The Alliance for Accountable Governance (AFAG) says it will oppose any attempt to remove subsidies on petroleum products.

According to Dr Nana Afriyie Ayew, the President of the pressure group, whenever the subsidies were removed, it always came with ripple effects on the poor.

Dr Ayew was reacting to demands by the NPA at a roundtable discussions organised by Citi FM that the subsidies be removed because the current practice was unsustainable.

He argued that any such action would increase the economic burden of the poor.

He, however, agreed that in the long term it would not be economically viable for the country to continue subsiding fuel prices.

He also took the government to task for what he described as lack of transparency in the petroleum sector.

While from 2009 to 2012, the cost of subsidy was GHc1.5 billion, the NPA projections indicate that it would cost the public purse GHc2.4 billion this year to subsidise fuel.

That is an average of GHc200 million monthly and approximately GHc6.7 million daily. Given that there is an estimated 1.2 million vehicles including commercial ones, the government is spending approximately GHc5.60 daily in subsidising fuel for each car.

On the theme, ‘Fuel subsidies in Ghana: Necessary evil or misallocation of resources,’ the programme brought together participants from civil society organisations, the Ministry of Energy and the media.

Contributing to the discussions, the Member of Parliament for Obuasi, Mr Kwaku Kwarteng, observed that the government was not properly financing subsidies.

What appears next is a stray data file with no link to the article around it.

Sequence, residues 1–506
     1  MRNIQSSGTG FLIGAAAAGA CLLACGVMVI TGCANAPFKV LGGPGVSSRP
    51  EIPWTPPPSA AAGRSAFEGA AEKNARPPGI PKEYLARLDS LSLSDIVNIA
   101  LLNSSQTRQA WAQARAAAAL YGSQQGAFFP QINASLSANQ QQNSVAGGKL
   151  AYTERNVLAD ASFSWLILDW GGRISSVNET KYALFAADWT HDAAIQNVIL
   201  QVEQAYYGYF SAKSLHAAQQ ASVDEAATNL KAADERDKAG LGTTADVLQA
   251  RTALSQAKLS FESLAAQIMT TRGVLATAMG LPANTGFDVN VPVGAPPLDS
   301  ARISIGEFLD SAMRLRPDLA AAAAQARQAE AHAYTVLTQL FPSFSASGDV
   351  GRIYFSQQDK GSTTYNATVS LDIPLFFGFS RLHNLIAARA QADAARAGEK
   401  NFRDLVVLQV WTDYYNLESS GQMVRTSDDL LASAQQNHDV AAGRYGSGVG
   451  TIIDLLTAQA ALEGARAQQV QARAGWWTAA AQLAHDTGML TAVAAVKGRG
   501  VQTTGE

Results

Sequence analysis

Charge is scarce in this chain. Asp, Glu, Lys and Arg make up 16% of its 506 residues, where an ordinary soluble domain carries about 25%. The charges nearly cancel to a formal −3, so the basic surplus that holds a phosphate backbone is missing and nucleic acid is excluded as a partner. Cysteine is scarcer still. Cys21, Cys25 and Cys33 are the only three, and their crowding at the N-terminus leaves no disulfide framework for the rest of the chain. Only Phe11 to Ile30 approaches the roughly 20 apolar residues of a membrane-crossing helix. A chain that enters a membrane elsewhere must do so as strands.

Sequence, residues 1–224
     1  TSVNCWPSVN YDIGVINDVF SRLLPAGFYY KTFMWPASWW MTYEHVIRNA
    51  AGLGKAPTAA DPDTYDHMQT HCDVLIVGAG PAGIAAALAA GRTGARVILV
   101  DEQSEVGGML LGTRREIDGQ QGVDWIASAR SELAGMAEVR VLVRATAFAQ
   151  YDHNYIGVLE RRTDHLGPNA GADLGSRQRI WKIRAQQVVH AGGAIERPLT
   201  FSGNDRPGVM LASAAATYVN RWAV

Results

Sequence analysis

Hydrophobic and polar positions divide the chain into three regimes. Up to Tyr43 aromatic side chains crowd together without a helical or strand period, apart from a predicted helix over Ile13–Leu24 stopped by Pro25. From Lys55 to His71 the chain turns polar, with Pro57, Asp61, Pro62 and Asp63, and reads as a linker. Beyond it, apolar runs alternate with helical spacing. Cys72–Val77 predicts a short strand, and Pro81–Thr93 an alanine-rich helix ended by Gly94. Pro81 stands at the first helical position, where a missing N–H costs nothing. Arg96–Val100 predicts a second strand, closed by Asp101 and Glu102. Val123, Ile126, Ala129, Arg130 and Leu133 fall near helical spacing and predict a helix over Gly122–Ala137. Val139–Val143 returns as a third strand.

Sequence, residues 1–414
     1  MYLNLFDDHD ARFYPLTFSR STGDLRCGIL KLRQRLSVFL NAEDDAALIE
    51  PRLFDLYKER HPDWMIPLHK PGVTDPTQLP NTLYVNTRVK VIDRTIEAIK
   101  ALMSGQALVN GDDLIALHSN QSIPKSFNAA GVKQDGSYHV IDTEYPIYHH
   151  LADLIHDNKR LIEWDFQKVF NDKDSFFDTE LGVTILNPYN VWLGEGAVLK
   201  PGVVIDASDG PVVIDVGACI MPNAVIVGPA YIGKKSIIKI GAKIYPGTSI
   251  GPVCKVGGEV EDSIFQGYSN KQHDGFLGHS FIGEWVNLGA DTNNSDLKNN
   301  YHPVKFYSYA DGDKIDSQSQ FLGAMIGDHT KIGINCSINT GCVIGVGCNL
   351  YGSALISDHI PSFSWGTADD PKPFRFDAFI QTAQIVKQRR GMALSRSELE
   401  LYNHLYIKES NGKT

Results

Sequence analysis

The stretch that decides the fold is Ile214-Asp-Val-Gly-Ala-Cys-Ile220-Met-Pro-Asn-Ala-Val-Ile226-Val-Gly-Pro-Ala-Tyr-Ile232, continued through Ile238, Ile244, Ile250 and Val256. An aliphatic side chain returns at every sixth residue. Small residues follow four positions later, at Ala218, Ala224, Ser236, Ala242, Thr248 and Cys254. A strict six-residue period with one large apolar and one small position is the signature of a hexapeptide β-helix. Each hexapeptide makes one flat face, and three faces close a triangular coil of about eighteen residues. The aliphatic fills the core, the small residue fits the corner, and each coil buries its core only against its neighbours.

“When we hear for instance that government has retired Tema Oil Refinery (TOR) debts, government floats bonds. So government goes to borrow to pay that and then that borrowing becomes part of the national debt.”

“That is not financing subsidy. If you want to finance subsidy, you must properly budget for it and pay them off. We are providing subsidy without paying for it,” the NPP MP added.

He, however, said for now simply removing subsidies because the government was not able to handle them well was not right.

He said in the long term, the government should not continue to subsidise because it was difficult to direct the subsidies into empowering the poor and the vulnerable.

“You put subsidy on diesel and people are riding in big cars, you have commercial people using that to make profit and yet it is supposed to be a social intervention,” he added.

Mr Kofi Bentil, the vice president of IMANI was of the view that the removal of the subsidies could only be justified if the government would commit funds realised from the subsidies to development projects.

“If we remove the subsidies and save the money, where will it go?” he asked.

He said in the absence of that the subsidy should be maintained.

He also argued that the present situation was not benefitting the vulnerable but rather the rich and smugglers.

“Ghana is one of the countries with the cheapest fuel prices and the smugglers are taking advantage of that. In the end, we are subsidising the economies of other countries.”

The government’s decision to remove petroleum subsidies late in 2011 caused uproar with the Trades Union Congress, civil society organisations and the opposition parties leading the crusade against it.

Similar actions in Nigeria brought that country to a standstill as the labour front and civil society organisations took to the streets to demonstrate until the subsidies were restored.